The Revit Point of Views – AU 2023!

I really wish I could have more time to write and post here, I really miss it. We all get these moments where you realize perspective and get those good ol’ ideas in place we really can’t say. Mine came to me tonight in the grocery store…who knew.

This year’s Autodesk University was one of the best I’ve ever attended. There were some really great classes that focused on more than just product features. Digital Delivery, AI, generative design and more were in the full spotlight. Reuniting with old friends and having that in-person experience without having to worry (not much anyway) about what was going on outside of the building made it more like a family reunion.

Getting back with my Expert Elite crew is awesome - this great group of people are who really contribute to the community, through forums and other engagements to help improve the product and the user experience. I'm honored to still be a part of this group, and hope to continue for many more years...but man, we have to get together more often.

I had way too much on my plate, and the pre-class jitters kept me out of some of the social events this year. I also had 8 new/returning speakers I was mentoring this year, that all had great topics and delivery. I wish I had been able to attend every class but had some of my own I had to attend. One of my colleagues, Daniel Breul, gave an outstanding session on Fractal Design for his first ever presentation, and blew it out of the park. Congrats to help for stepping up with a unique presentation!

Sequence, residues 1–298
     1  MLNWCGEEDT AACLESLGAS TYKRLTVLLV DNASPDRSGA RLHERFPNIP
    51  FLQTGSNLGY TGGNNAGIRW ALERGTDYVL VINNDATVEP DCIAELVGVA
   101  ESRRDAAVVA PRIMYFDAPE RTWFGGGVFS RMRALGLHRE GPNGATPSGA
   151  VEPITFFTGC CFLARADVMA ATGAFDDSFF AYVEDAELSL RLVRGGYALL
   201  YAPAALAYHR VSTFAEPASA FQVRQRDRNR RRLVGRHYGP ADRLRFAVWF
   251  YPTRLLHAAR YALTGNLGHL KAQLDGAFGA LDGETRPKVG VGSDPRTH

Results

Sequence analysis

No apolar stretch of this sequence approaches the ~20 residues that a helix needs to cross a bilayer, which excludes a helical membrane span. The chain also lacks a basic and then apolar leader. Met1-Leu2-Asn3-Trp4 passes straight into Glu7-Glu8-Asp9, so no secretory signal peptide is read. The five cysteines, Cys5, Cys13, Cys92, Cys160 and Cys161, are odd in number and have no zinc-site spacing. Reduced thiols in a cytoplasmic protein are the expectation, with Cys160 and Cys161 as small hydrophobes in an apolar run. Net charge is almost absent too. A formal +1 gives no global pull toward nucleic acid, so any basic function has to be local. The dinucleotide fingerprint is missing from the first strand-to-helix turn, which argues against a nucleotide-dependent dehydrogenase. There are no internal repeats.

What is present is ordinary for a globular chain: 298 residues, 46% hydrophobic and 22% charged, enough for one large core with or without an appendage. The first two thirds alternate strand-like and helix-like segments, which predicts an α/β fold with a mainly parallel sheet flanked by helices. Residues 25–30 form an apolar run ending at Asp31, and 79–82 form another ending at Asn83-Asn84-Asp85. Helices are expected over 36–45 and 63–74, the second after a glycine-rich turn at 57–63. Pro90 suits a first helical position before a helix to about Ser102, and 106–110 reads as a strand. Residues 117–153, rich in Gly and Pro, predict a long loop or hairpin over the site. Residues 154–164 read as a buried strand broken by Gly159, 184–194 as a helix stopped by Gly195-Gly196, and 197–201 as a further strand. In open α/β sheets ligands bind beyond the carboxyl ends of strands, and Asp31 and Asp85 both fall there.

And my partner in crime and Engineering Technology management, Nauman Mysorewala, was back again for two more great sessions on Dynamo, Grasshopper. He was also presenting with marvelous Rina Sahay for the Superb Guides to Easy Revit that keeps killing it over and over again. BOTH of them are making winning a top speaker slot a lot harder nowadays...but I couldn't be happier for him and Rina to be on the stage again.

This year I did two courses - Charging Ahead with Revit MEP Systems Engineering on Tuesday morning, that was a full house, and Becoming Digital Twin Enabled: An Operational Strategy that competed with the happy hour events late in the afternoon but still had a great turnout and group. There were several great takeaways I got from both sessions that bear sharing.

The Revit MEP Thing!